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When certain features or optimizations are discussed, Code Size is often mentioned.

While I certainly understand the basic concept, that is, that a collection of code, compiled to machine code will result in X bytes of machine code (plus static data) I have recently realized that I'm very unsure how to actually measure Code Size of a given binary.

So, how do you measure Code Size?

Do you just check how big the resulting binary ("executable", .exe) is? Do you need a tool such as dumpbin.exe or some specific linker flags to get detailed results?

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2 Answers 2

up vote 1 down vote accepted

You can tell the linker to produce a map file. This gives about the most detailed information that's easy to get (i.e., much short of reverse engineering the code by hand).

Depending on the code, using dumpbin on an object file can produce meaningful results, but can also produce simply "anonymous object" -- especially (exclusively?) when you ask for link-time code generation.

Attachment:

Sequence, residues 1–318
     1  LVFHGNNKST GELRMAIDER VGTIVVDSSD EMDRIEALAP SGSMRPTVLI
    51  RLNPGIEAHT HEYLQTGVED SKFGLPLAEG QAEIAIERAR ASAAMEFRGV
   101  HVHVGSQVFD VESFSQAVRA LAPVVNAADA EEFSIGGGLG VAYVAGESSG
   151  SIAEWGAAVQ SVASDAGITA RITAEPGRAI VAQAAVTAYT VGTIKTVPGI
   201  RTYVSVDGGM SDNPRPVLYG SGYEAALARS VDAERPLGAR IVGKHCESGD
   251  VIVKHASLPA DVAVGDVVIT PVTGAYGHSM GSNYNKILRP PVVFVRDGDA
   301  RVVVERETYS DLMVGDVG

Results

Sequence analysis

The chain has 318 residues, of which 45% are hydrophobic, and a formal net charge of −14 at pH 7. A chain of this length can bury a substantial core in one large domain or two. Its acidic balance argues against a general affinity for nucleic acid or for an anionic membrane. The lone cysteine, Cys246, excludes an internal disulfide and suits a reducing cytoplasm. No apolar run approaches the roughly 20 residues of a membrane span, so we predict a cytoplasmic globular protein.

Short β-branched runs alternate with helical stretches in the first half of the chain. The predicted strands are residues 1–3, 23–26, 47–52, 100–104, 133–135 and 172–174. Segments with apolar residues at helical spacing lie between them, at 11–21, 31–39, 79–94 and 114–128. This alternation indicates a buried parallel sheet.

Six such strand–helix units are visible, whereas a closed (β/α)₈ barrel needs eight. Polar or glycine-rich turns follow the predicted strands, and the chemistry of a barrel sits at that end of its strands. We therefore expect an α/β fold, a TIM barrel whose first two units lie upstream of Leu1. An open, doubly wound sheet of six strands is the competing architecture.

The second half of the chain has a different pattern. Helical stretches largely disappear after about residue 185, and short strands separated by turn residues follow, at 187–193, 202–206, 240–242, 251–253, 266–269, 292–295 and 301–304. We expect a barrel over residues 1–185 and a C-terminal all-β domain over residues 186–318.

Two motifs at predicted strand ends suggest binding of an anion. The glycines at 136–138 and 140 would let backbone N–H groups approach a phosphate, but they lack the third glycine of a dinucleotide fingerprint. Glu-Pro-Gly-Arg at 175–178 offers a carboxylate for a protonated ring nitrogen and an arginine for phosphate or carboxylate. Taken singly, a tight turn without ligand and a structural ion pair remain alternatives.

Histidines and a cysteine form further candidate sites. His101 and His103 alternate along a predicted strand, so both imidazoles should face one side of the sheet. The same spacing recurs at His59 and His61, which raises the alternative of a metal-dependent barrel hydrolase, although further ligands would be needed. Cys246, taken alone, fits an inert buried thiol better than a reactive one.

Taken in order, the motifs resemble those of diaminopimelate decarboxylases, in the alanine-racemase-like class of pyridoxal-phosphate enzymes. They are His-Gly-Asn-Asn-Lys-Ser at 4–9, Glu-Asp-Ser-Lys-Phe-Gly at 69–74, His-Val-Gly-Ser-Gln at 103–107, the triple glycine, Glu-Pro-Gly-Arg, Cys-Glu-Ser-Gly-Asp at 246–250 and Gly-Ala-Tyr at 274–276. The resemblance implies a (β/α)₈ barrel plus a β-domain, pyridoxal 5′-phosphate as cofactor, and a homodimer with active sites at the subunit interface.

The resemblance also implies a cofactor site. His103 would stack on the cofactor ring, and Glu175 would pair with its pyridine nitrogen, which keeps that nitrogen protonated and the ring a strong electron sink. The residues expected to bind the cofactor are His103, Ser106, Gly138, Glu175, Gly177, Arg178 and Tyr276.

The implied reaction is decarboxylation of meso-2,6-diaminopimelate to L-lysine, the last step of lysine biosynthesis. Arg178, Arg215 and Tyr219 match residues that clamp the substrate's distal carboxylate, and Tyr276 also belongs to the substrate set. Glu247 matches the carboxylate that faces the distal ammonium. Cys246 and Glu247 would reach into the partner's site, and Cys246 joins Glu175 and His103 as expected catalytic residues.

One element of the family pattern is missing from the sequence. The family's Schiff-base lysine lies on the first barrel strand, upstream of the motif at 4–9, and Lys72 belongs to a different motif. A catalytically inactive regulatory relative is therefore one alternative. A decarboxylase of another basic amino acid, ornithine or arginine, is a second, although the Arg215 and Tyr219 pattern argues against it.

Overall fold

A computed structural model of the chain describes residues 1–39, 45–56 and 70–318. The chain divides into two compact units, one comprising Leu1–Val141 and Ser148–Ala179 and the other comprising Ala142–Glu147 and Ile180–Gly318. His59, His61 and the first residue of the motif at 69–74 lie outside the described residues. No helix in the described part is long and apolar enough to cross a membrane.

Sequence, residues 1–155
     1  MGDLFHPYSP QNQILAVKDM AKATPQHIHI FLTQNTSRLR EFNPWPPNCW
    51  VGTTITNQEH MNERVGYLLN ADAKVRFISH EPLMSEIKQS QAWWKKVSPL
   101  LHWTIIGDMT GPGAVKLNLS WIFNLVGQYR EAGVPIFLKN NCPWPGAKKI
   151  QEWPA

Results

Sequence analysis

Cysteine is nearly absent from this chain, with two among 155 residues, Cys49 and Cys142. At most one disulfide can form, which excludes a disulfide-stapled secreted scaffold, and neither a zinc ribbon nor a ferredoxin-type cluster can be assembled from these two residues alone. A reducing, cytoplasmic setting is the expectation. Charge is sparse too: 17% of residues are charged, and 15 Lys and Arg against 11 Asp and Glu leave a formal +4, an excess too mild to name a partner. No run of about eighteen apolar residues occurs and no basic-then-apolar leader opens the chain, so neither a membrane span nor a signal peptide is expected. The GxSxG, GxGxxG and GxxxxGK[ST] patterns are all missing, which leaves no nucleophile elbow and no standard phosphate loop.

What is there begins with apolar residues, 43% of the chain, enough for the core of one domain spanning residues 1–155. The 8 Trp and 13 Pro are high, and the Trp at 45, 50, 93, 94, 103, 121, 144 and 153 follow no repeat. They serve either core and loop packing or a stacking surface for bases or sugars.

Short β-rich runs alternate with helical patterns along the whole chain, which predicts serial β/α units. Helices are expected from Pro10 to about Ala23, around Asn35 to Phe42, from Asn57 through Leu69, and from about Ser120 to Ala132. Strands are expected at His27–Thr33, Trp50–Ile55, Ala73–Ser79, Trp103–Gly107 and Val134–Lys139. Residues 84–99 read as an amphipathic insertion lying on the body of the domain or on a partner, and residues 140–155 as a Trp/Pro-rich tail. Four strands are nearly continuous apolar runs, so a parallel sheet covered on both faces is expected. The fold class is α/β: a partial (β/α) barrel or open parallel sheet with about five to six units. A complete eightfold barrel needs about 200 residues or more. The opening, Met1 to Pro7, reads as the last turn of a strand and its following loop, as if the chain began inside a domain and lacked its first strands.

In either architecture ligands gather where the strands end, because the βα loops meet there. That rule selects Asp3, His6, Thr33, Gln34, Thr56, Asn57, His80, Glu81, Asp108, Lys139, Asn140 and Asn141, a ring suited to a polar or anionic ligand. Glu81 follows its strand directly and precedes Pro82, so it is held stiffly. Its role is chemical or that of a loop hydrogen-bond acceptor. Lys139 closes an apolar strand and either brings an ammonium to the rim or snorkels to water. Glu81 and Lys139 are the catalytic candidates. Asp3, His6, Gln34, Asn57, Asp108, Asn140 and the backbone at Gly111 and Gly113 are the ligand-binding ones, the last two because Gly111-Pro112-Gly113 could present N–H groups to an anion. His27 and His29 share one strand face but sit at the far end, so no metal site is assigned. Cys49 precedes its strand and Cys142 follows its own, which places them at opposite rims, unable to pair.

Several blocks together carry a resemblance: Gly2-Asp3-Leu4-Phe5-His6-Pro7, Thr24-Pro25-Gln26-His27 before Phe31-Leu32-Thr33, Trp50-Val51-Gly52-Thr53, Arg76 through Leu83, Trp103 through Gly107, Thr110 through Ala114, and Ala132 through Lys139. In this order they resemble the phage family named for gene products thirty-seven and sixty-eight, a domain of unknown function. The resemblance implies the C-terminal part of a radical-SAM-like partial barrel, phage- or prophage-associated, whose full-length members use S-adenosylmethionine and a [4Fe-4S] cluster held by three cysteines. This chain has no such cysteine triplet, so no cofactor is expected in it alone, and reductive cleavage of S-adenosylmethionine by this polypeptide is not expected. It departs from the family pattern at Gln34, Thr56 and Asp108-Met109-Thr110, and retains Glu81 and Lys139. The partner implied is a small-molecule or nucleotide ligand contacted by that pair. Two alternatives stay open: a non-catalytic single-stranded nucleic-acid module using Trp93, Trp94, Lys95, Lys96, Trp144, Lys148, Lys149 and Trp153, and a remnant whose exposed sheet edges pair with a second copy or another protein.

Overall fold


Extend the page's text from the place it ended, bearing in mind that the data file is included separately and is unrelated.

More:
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So I'd use dumpbin on a object file, not on the final executable? –  Martin Ba Oct 8 '12 at 19:26
@MartinBa: You can use it on either. The object file tends to be a bit easier to deal with simply because it has less other "stuff" you don't care about. –  Jerry Coffin Oct 8 '12 at 19:27
Hmm ... if I measure code size on an object file, couldn't that be misleading wrt. to linker optimizations? (Folding of identical code sections when using templates e.g., etc.) –  Martin Ba Oct 8 '12 at 19:30
@MartinBa: It probably could be, depending on what you care about (though, I'm not sure how much, if any, folding and such happens with LTCG turned off, and as mentioned in the answer, with it turned on you won't get anything from the object file). –  Jerry Coffin Oct 8 '12 at 19:32

I'd say your best bet is to disassemble the binary.

In the context of code optimizations, total code size isn't typically what is meant, but rather code size for some specific part of your program.

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